Re: [Videolib] copyright AGAIN

Anna Headley (aheadle1@swarthmore.edu)
Thu, 30 Oct 2008 14:20:30 -0400

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Hi Gail,

I see what you are saying, and I agree that where a distributor is
providing access to content hosted on their own servers, the access
would necessarily expire when the distributor's licenses do. I am
talking about a different sort of transaction, in which the institution
purchases a file either on disc through the mail or downloaded from the
publisher via email / link / ftp / etc. The institution then hosts the
file on its own streaming server.

Appreciate everyone's comments, particularly Dennis. I guess we can
never know how long a format will "last" (including stay relevant). It
seems easy to believe that the time frame will grow shorter (supplanted
by new formats, better resolutions, new types of viewing technology).
It also seems easy to believe that formats will last longer if the files
do not degrade.

I understand that many distributors are afraid of file sharing. They
have a right to be. But I also believe that they will distribute
digitally anyway; they may not really have a choice. And a DVD, even a
VHS, is already in a format that can be pirated and distributed
illegally over the internet. So far, to continue with the music
industry metaphor, it seems that the best way to combat piracy has been
to make materials available easily and reasonably. Pirating is
time-consuming and difficult. A lot of people would rather pay.

Re: the professors who pirated Killer of sheep - would they have been
more likely to buy it legitimately if they could do it as an online
download and not have to either go to the store or wait 3 days to
receive it in the mail? Maybe. Sometimes professors procrastinate and
then find themselves in difficult situations.

But that is individuals; are we not trying to talk about libraries?
Libraries follow the law and procure legitimate materials. Libraries
educate their users about copyright and, when they want to stream, want
to do it in ways that protect the content from getting pirated. And
libraries want to provide content to their patrons in the formats that
patrons want and need. These are basic tenets of ALA.

I don't think retirement will save you, Dennis! This is going to go
down before 2019 :)

best,
anna h

>
> ------------------------------------------------------------------------
>
> Subject:
> Re: [Videolib] copyright AGAIN
> From:
> "Gail Fedak" <gfedak@mtsu.edu>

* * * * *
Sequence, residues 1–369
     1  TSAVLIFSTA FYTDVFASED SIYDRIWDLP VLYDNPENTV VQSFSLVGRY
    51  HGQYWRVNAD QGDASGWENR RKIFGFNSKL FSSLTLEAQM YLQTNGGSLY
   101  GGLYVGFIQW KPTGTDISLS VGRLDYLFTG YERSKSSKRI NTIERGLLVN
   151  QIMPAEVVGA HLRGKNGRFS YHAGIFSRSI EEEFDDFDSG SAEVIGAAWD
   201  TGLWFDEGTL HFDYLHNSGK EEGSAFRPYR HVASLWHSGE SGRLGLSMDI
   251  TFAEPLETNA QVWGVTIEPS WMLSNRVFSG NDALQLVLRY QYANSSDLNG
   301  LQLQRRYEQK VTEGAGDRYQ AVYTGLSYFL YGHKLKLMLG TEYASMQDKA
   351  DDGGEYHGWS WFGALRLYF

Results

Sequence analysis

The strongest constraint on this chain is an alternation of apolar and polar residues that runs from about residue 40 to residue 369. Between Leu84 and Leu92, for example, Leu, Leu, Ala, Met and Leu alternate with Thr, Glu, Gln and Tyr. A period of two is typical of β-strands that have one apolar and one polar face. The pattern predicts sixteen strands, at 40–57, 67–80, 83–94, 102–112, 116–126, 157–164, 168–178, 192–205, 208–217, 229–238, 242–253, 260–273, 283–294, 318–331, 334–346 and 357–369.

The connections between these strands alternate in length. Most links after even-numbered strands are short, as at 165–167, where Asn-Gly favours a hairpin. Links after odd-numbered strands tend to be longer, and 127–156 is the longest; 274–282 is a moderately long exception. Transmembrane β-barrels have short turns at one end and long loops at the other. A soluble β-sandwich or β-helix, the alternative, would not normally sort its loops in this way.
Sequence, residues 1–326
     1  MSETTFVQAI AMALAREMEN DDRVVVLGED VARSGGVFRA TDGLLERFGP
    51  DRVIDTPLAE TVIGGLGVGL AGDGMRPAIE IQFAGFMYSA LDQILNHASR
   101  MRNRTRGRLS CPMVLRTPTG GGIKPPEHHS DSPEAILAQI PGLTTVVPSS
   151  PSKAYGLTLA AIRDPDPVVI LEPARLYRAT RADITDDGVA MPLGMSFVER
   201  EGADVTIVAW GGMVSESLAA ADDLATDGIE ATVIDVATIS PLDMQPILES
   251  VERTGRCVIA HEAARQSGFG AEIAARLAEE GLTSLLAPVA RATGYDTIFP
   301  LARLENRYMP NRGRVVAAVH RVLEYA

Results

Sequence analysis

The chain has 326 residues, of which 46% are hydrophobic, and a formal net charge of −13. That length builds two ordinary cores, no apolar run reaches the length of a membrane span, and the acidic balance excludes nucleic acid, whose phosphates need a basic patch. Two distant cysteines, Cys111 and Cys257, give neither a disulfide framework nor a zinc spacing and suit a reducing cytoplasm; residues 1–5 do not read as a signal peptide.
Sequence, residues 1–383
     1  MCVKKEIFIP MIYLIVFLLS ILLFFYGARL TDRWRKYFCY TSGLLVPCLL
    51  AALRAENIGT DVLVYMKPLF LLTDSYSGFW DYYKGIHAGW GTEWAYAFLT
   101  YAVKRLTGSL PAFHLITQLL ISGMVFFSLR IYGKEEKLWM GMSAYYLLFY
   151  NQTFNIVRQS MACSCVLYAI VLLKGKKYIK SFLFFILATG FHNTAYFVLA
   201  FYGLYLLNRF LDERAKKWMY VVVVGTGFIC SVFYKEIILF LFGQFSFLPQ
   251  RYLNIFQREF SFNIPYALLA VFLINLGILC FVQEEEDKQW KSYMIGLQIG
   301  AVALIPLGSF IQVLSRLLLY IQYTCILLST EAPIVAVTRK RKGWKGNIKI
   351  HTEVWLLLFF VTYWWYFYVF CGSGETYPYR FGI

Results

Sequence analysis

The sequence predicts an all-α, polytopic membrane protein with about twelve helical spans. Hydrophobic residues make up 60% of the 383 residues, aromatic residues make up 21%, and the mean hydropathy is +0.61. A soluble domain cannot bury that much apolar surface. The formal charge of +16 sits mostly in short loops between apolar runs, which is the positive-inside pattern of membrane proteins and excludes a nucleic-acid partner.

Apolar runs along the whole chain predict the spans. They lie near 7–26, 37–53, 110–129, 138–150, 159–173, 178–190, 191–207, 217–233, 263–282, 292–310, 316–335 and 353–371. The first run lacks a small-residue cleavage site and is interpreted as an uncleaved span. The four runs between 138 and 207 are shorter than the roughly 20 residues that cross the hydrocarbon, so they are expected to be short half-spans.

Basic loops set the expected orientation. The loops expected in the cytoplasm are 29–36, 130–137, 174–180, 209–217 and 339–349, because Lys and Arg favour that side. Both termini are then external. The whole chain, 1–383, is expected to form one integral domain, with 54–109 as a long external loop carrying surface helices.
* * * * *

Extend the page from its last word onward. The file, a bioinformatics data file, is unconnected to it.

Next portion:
> Date:
> Thu, 30 Oct 2008 12:33:54 -0500
> To:
> <videolib@lists.berkeley.edu>
>
> To:
> <videolib@lists.berkeley.edu>
>
>
> If I understand correctly, what's missing is that the purchaser does
> not receive anything physical. What is purchased is not a physical
> item or its content, but access to content. When the seller's access
> to the content goes away for any of a variety of reasons, so does the
> purchaser's. Also, when the purchaser's lease term expires,
> access goes away. This is probably too simplistic a view, but I see
> this type of arrangement as glorified rent - one that I'm not yet
> happy to embrace. Streaming certainly serves a rapidly growing
> market, but the idea that if/when I spend mega-bucks for streamed
> titles, I don't have access to them in perpetuity (until something
> "breaks") is onerous. FMG has a very education-friendly and affordable
> streaming model. Too many others are asking for amounts of money that
> I will never have in my budget, including yearly "maintenance" fees.
> While I understand that a seller's up-front and recurring costs are
> greater for streaming than for producing hard copies, the current
> pricing models are mostly exhorbitant. I hope the newness of streaming
> will wear off in the next few years as it did for other new formats so
> that the cost and other terms of access will
> settle to reasonable levels.
> My two cents,
> Gail
>
> ~~~~~~~~~~~~~~~~~~~~~~
> Gail B. Fedak, Director
> Media Resources
> Middle Tennessee State University
> 1301 E. Main St., P.O. Box 33
> Murfreesboro, TN 37132
> phone 615-898-2899
> fax 615-898-2530
> email gfedak@mtsu.edu
> web www.mtsu.edu/~imr
>
>
> ------------------------------------------------------------------------
>
> Subject:
> Re: [Videolib] copyright AGAIN
> From:
> "Dennis Doros" <milefilms@gmail.com>
> Date:
> Thu, 30 Oct 2008 10:08:32 -0400
> To:
> videolib@lists.berkeley.edu
>
> To:
> videolib@lists.berkeley.edu
>
>
> Dear Anna,
> The basis for traditional film distribution was that a license had a
> finite point. Life of material was never thought of as more than a